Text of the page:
In The City PRIME MAGAZINE — 12 August 2016
Pickleball: The sweet game with a sour name

By Eric Barton

PRIME Magazine

Harriet Berks Kalin and her husband, Josh Kalin, were visiting the Central Florida retirement community of The Villages three years ago when someone suggested they try a sport with a wacky name.

All it took was one pickleball lesson, and the couple spent the whole trip on the courts. They liked it so much they rented a house in The Villages for a month to keep playing.

The game is something of a cross between tennis and Ping-Pong. It’s played on a hard surface about half the size of a basketball court, with a net in the middle, a hard plastic ball and Ping-Pong-like rackets. It’s best with doubles, becoming more about quick reactions than lots of running. After their trip to The Villages, the Kalins were hooked.

“We came back home and asked around: ‘Anybody play pickleball around here?’” says Harriet, from Delray Beach. “Nobody did.”

So they started a local pickleball community. The couple lobbied housing developments and retirement communities to add courts. They taught friends. They got others addicted to the game.

Now there are hundreds of pickleball courts in South Florida, played mostly in some 30 retirement communities in Broward and Palm Beach counties. Communities such as Century Village in Pembroke Pines and Heron Bay in Parkland have hundreds of players.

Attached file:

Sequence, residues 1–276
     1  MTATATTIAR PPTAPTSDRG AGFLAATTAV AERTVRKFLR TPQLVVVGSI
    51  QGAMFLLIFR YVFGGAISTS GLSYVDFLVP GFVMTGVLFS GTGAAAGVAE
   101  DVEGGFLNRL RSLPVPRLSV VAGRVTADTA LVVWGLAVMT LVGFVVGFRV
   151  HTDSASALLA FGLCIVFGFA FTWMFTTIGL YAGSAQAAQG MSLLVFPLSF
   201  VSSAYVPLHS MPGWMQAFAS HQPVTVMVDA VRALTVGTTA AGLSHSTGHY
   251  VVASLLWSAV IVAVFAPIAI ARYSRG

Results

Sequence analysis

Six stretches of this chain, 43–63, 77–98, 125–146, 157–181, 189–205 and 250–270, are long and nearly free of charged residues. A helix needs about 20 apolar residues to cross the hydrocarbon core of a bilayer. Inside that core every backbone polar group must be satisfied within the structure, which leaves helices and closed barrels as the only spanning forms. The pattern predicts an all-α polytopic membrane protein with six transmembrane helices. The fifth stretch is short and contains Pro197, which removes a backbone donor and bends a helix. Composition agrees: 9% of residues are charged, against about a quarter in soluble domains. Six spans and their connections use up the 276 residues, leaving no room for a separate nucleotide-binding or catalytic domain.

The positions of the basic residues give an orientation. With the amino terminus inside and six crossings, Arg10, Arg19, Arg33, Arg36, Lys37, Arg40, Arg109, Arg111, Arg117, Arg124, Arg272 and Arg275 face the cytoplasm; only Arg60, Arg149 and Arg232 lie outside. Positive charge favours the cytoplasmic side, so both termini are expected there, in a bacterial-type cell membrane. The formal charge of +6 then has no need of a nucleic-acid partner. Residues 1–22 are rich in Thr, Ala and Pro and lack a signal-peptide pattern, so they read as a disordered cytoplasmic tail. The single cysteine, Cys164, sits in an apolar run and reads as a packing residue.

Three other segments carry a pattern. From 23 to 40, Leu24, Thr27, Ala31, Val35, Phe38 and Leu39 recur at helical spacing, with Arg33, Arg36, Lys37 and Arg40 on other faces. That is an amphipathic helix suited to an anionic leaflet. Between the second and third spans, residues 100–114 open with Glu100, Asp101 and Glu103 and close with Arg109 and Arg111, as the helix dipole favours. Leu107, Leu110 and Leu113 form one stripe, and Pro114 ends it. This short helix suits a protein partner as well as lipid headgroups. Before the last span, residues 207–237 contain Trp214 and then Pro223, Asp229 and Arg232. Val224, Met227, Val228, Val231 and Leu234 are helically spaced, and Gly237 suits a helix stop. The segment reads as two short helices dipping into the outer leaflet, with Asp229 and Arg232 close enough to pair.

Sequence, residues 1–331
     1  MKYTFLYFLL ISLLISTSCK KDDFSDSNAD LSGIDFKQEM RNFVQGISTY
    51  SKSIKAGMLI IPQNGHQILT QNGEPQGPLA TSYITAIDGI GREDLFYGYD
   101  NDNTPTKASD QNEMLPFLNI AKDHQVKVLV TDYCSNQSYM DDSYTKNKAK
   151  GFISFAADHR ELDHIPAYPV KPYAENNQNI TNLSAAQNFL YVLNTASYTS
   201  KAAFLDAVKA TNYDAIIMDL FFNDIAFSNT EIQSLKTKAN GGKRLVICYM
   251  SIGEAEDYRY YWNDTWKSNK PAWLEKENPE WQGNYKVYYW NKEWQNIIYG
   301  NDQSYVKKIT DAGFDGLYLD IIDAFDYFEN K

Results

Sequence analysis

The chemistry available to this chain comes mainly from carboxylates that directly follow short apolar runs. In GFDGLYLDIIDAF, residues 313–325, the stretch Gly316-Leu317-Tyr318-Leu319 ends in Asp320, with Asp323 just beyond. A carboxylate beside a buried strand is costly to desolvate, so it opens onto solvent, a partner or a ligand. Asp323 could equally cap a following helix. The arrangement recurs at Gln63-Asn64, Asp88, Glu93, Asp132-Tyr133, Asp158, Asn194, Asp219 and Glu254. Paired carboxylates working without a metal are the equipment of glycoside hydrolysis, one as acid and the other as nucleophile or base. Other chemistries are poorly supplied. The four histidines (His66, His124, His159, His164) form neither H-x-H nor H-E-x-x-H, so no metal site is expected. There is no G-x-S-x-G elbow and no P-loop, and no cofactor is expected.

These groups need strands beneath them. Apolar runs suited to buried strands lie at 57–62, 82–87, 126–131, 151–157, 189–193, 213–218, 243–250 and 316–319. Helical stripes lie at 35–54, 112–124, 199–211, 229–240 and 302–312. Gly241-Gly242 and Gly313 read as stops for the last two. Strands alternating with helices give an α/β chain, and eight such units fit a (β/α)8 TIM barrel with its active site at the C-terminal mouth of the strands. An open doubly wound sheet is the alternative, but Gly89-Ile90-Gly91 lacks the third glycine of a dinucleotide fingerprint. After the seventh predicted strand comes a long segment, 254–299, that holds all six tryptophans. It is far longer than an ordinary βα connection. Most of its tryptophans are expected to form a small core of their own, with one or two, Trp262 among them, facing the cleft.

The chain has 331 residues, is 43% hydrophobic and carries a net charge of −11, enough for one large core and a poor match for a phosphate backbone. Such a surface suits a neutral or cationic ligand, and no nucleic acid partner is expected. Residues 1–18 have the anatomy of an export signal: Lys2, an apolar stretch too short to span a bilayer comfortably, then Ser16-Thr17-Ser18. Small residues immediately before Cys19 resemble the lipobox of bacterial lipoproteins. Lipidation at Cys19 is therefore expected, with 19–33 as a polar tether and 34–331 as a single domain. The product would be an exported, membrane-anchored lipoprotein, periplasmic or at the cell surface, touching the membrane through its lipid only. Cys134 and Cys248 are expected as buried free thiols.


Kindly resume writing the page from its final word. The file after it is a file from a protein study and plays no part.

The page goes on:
Things have gotten so big the pickleball players started a league in January, allowing retirement communities to compete against each other. There isn’t a championship or a trophy at the end, just the goal of creating competitive matches.

But that’s generally the point of pickleball, says Carl Steinberg, 72, of Boynton Beach, who retired from commercial real estate. New or less-experienced players are matched up with veterans, creating evenly matched teams that get players intermingling.

“It can be extremely social,” Steinberg says, “and it can also become as competitive as you want it to be.”

Steinberg teaches a pickleball course for beginners. He charges $5, a nominal fee in the hopes of getting more people interested in the game. There’s nothing he likes more than seeing a student become an expert, like one 94-year-old former pupil.

“He may be 94, but if you give him a chance, he’ll take your head off,” Steinberg jokes.

That’s one thing Harriet Berks Kalin says she likes about the game, the fact that anyone can play. Because there’s not as much movement required as other sports, most people can compete, even if they have injuries or tire quickly. A retired administrator, Harriet played tennis competitively for 30 years back in Delaware. Now she prefers the speed of pickleball.

“Yes, we might have an issue with one body part or another, but we can all play pickleball.”

How to Begin

Google pickleball and you’ll find videos on how the game is played, explanations about its origin in suburban Seattle in 1965, and why the game was named for Pickles the dog.

Harriet Berks Kalin and Josh Kalin have become the sport’s local ambassadors and happily answer pickleball questions.
Call 561-499-2020.

Carl Steinberg teaches a weekly beginner pickleball class. Contact Steinberg at corkyshere@aol.com.

Delray Beach’s pickleball community has its own website, dbpickle.com, or search for Delray Beach Pickleball Forum on Facebook.

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